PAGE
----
Astronomy has been a passion of mine since age 10. I lived in Amsterdam then and it was too light polluted, but when we moved to Hoogeveen, a smaller town, I started observing the sky.
I helped start up our local chapter of the National Astronomy Association when I was 19. It is celebrating its 40th anniversary this year and counts a number of truly great astro-photographers among its members.
At first I mostly observed rather than taking pictures, and in my teens and twenties contributed a lot of my time to the local chapter. I tried to popularize astronomy and educate the public so that they would understand the world around our spaceship earth, and see how fragile and unique this blue gem we live on really is. I believe that we should treat this planet with much more respect than we have so far. Looking outside gives us an opportunity to look back inside and understand the complete picture.
In 1983 I moved to Toronto, Canada and I had an even worse problem with light-pollution than I had in Amsterdam. We later moved to a small town in the middle of nowhere in SW Ontario that has much darker skies and I picked up the hobby again.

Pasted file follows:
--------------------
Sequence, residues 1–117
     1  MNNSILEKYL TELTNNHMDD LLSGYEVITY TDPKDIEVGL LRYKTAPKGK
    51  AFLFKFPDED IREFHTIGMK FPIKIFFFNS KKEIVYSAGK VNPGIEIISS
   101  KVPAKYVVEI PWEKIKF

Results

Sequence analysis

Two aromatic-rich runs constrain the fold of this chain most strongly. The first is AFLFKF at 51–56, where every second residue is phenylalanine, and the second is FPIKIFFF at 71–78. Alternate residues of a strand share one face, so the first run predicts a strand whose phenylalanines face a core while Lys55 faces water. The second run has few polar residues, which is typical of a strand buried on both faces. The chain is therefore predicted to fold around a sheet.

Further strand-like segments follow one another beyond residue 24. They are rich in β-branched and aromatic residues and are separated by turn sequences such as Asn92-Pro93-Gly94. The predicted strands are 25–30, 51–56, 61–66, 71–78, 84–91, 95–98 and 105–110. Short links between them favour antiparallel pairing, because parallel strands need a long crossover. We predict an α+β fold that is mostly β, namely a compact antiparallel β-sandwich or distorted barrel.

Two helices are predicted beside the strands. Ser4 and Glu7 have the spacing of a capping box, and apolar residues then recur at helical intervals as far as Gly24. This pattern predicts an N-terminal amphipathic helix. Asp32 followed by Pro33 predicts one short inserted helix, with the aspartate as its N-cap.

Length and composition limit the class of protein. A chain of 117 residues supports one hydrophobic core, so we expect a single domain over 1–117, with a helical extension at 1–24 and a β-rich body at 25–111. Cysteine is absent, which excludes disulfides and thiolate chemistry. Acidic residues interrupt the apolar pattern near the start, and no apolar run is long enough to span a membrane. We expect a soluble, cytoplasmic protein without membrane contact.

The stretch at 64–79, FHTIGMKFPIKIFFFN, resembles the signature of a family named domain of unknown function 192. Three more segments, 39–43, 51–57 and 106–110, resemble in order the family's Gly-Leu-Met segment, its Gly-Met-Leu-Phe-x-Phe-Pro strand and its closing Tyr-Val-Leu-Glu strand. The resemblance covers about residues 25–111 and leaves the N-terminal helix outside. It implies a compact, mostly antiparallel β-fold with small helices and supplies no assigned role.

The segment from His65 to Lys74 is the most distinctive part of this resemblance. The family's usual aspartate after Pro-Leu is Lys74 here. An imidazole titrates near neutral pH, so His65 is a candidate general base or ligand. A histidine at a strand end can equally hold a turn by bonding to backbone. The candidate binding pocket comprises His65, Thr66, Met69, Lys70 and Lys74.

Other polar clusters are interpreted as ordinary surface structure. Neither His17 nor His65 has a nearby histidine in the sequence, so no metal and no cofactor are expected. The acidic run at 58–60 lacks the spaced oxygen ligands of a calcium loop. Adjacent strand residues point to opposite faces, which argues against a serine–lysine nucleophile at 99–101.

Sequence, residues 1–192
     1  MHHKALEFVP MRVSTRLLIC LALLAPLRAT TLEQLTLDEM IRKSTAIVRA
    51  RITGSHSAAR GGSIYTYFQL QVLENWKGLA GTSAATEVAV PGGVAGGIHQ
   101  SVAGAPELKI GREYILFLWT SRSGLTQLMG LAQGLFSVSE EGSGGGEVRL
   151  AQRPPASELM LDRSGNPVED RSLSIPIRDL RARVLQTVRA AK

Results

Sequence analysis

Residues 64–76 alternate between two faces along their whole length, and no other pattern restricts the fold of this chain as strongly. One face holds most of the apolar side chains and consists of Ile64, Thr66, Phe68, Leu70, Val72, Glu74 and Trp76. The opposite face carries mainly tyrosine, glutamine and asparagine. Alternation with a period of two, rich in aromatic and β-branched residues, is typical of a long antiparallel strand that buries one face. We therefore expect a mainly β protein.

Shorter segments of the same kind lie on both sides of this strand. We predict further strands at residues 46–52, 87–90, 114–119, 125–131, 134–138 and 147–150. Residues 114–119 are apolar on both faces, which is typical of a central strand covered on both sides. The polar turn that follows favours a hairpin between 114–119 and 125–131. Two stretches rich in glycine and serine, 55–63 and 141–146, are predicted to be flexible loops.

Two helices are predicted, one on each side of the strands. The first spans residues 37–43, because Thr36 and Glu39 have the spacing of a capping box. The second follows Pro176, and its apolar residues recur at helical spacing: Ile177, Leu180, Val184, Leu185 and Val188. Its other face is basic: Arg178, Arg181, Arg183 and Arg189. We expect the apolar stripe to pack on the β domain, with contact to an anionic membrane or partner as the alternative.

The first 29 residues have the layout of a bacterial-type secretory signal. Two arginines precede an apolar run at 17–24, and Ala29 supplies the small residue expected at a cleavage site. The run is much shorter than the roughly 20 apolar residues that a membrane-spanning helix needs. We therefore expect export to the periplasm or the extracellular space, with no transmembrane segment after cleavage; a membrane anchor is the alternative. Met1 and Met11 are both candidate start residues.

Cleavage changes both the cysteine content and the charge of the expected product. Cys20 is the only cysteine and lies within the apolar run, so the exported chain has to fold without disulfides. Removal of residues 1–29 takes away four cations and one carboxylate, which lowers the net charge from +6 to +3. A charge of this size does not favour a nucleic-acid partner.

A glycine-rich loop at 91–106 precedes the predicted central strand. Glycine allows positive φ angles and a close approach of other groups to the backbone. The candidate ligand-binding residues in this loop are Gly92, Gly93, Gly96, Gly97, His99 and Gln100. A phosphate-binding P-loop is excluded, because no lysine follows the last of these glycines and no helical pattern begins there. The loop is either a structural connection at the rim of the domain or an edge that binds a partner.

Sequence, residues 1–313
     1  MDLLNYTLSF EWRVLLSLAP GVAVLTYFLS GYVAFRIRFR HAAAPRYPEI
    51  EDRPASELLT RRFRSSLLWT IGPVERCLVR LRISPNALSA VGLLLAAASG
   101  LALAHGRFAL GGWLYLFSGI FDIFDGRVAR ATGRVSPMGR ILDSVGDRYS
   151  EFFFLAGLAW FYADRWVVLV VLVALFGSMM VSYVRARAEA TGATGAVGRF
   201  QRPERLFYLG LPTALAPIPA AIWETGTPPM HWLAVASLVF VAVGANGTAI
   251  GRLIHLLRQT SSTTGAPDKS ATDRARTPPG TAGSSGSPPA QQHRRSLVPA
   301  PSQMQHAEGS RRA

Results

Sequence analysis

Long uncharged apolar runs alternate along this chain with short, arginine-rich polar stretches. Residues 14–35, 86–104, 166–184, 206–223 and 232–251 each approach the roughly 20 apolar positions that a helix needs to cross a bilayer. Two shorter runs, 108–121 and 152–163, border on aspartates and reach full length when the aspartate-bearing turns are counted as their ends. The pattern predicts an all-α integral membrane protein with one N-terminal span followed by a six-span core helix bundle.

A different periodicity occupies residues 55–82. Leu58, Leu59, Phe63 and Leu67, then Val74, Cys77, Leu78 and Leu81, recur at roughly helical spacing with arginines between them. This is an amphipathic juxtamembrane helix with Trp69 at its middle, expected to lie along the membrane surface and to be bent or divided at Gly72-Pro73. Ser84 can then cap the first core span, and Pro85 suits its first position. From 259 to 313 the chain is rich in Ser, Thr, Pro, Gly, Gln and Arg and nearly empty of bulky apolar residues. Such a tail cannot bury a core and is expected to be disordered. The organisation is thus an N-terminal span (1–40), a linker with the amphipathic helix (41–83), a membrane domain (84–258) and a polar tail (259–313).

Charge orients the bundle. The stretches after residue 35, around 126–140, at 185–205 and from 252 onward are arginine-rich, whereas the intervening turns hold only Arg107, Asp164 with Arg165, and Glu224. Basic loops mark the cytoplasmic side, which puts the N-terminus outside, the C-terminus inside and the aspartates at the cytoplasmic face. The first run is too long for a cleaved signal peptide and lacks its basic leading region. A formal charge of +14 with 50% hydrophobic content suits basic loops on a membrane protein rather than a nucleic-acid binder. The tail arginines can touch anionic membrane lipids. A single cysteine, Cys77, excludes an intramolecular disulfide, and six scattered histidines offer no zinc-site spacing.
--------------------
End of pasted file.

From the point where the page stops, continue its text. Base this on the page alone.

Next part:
Within astronomy I like the unexpected. That’s why comets intrigue me the most. They are often visitors from far outside our solar system, and they are quite unpredictable in behaviour. Comets, often with a visible tail (caused by the pressure of light and magnetic field of the sun), can be observed for weeks, months and even years moving along their long orbit around our star, the Sun. Besides observing and estimating brightness I now and then took pictures and we will show several here.
In spring 2013 I started to take some humble first steps in digital astro-photography with comet PanSTARRS. Still much room for improvement, but that is part of the fun. They will be added soon. Meanwhile, I will slowly add some of my older photos taken with film.
Copyright 2013 Ellen Papenburg